Brian Dennehy Dead: What Was 'Tommy Boy,' 'First Blood' Star's Cause of Death?

Actor Brian Dennehy, who was well known for his roles in Tommy Boy, First Blood and Cocoon, died this week at the age of 81. Dennehy's daughter, Elizabeth, announced Thursday afternoon that the beloved regular-guy actor died Wednesday night in Connecticut, making it clear that he passed of natural causes — not an illness brought on by the novel coronavirus, despite the ongoing global pandemic.

"It is with heavy hearts we announce that our father, Brian passed away last night from natural causes, not Covid-related," Elizabeth tweeted alongside a black and white photo of her father. "Larger than life, generous to a fault, a proud and devoted father and grandfather, he will be missed by his wife Jennifer, family and many friends."

brian-dennehy_getty-D Dipasupil : Contributor
(Photo: D Dipasupil / Contributor / Getty, Getty)

Dennehy's wide-ranging career spanned works in movies, television and the theater, which includes a Tony Award-winning role as Willy Loman in Death of a Salesman in 1999 and 2003. In 1982's First Blood, Dennehy played the sheriff in Washington state who doggedly pursues Vietnam veteran John Rambo (Sylvester Stallone); he memorably played Chris Farley's dad in 1995's Tommy Boy; and in 1985 was the friendly alien leader Walter in Cocoon. In 1990, fans watched him act next to Harrison Ford as a district attorney who's out to save his own skin in Presumed Innocent. He's also well known for starring in TV movies as fiery basketball coach Bobby Knight in the 2002 ESPN movie A Season on the Brink, as well as serial killer John Wayne Gacy in Fox's To Catch a Killer — for which he earned one of his five Emmy nominations.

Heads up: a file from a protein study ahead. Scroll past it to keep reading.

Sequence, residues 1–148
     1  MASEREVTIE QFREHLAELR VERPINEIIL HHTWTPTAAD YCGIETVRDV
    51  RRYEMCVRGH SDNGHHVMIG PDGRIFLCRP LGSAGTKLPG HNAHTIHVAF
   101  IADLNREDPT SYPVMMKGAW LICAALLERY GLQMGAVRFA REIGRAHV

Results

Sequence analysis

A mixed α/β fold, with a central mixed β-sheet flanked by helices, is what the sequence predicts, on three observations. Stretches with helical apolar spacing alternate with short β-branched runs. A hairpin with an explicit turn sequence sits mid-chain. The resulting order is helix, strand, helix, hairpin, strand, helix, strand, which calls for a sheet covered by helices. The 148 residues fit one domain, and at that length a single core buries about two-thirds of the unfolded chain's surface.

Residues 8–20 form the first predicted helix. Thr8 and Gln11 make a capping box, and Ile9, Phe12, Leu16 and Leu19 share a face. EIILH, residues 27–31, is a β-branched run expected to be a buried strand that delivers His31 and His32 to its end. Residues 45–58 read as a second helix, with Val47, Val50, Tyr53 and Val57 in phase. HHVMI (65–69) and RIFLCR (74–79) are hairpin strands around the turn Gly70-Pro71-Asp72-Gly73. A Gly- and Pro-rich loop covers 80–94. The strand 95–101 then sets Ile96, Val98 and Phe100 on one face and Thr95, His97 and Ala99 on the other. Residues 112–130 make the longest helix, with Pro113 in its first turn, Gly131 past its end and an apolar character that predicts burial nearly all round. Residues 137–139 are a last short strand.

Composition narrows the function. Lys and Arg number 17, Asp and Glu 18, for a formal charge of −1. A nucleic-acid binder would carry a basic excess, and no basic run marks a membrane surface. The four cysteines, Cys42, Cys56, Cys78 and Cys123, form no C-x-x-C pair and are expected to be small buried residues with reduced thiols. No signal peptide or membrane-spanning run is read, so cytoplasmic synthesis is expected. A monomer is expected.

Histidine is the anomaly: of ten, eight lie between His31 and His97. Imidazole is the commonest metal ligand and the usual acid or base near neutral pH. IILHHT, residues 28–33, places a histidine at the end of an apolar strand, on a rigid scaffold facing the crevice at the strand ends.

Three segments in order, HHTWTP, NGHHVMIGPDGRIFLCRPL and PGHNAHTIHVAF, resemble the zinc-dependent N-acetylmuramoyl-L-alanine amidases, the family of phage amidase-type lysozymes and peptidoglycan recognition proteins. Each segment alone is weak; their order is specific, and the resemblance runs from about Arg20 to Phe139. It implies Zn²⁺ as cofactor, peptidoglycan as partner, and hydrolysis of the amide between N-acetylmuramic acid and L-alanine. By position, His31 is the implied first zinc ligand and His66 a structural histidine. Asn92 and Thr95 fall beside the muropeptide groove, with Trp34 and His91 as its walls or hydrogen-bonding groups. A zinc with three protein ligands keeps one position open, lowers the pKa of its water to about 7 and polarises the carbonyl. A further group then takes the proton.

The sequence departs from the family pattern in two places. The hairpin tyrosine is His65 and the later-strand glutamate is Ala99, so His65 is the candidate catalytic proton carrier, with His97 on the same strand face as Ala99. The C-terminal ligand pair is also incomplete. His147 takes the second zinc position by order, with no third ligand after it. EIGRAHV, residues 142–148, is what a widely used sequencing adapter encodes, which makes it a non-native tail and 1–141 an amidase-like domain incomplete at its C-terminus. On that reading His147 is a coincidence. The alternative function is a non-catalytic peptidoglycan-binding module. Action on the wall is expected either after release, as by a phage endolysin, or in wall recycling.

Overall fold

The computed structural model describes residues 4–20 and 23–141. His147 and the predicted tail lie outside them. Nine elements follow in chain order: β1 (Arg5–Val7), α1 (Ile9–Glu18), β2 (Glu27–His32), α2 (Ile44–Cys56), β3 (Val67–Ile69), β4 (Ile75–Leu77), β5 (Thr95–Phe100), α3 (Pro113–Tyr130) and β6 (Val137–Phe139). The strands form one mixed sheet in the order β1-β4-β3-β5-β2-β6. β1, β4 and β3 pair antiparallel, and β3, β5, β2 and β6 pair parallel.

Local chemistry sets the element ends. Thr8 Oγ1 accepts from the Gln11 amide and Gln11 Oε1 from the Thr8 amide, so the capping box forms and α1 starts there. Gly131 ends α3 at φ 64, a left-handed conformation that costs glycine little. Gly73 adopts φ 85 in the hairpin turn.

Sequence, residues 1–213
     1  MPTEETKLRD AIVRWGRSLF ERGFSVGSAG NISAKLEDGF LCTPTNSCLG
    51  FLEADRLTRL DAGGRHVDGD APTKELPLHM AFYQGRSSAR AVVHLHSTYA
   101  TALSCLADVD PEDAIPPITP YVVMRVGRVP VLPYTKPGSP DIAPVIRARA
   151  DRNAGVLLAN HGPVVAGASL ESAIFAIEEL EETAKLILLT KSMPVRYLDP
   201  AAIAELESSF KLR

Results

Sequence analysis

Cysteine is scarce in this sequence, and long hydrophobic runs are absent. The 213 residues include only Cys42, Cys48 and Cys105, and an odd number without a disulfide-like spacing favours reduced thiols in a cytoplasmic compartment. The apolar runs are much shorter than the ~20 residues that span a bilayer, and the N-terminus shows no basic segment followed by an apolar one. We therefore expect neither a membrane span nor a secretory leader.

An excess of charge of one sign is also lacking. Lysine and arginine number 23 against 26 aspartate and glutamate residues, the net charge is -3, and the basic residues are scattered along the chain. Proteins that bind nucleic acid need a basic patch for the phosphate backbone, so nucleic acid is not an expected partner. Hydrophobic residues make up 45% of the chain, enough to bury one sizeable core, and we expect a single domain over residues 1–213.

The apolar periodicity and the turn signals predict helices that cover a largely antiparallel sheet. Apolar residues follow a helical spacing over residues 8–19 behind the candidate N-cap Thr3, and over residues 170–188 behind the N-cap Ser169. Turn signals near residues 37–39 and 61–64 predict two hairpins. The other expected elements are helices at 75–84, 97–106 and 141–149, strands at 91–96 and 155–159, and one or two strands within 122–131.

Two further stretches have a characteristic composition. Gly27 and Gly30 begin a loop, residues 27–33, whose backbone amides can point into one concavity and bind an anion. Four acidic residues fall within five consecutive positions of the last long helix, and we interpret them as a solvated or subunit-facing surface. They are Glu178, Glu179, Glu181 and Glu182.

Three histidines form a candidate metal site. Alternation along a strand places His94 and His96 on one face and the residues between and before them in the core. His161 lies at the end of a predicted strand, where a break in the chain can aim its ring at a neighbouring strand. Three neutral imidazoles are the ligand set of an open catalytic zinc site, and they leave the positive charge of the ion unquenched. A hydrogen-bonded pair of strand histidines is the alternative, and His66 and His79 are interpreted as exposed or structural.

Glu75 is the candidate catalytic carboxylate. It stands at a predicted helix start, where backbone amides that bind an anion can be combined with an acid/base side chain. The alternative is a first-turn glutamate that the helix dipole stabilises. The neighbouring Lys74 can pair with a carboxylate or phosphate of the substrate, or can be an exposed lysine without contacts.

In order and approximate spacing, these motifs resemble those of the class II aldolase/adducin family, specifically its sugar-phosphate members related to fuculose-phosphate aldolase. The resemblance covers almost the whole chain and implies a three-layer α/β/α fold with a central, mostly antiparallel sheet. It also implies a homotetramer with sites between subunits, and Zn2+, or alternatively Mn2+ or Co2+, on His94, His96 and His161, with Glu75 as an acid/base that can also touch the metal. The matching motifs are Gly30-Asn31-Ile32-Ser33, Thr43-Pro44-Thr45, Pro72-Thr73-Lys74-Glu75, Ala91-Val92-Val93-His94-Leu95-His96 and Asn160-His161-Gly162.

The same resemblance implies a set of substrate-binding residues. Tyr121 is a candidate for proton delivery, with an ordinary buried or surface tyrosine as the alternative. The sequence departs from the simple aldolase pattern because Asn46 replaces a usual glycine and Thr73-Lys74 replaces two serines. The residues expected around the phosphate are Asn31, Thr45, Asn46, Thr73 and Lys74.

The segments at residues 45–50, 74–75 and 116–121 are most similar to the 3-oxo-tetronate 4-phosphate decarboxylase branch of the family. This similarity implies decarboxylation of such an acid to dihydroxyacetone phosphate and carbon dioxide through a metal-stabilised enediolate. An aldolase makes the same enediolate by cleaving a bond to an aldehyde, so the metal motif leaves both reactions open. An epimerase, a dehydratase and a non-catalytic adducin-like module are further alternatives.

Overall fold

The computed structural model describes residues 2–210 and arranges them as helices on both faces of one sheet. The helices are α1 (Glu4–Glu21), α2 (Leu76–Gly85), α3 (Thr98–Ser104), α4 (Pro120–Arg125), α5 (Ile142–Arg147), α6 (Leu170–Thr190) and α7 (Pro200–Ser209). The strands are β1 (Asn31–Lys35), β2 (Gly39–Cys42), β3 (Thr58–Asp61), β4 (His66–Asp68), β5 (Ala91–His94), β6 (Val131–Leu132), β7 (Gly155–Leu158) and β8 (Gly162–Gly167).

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He also starred as hard-charging real-life Chicago detective Jack Reed in five NBC telefilms from 1993-96, writing and directing four of them. More recently, Dennehy had recurring roles as an Irish mob boss on Public Morals, a sheriff on Hap and Leonard and a KGB agent on The Blacklist.

Dennehy often retreated to the stage in Chicago, saying to The Hollywood Reporter he preferred the Midwest "because I can sit down with rational people who make $50,000 a year and live in houses and have children and pay their taxes and shop at Sears." He said he chose to live on a farm in northeast Connecticut because the biggest celebrity in his town was the man who played Big Bird. Dennehy is survived by his second wife and his children Elizabeth, Kathleen, Deirdre, Cormac and Sarah.